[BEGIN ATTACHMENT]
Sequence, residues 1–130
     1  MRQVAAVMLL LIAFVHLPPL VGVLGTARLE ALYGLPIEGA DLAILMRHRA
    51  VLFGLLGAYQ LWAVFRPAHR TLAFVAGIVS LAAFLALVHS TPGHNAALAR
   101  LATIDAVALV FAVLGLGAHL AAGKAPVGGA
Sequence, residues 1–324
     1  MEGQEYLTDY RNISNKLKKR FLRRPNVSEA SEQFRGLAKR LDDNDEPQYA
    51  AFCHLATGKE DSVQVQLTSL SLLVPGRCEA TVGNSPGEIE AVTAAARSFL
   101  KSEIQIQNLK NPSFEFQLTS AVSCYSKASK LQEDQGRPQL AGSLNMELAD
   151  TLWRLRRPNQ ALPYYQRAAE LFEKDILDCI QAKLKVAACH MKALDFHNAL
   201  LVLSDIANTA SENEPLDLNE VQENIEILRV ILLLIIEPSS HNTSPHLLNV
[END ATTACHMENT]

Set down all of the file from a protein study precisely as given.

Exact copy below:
Sequence, residues 1–130
     1  MRQVAAVMLL LIAFVHLPPL VGVLGTARLE ALYGLPIEGA DLAILMRHRA
    51  VLFGLLGAYQ LWAVFRPAHR TLAFVAGIVS LAAFLALVHS TPGHNAALAR
   101  LATIDAVALV FAVLGLGAHL AAGKAPVGGA
Sequence, residues 1–324
     1  MEGQEYLTDY RNISNKLKKR FLRRPNVSEA SEQFRGLAKR LDDNDEPQYA
    51  AFCHLATGKE DSVQVQLTSL SLLVPGRCEA TVGNSPGEIE AVTAAARSFL
   101  KSEIQIQNLK NPSFEFQLTS AVSCYSKASK LQEDQGRPQL AGSLNMELAD
   151  TLWRLRRPNQ ALPYYQRAAE LFEKDILDCI QAKLKVAACH MKALDFHNAL
   201  LVLSDIANTA SENEPLDLNE VQENIEILRV ILLLIIEPSS HNTSPHLLNV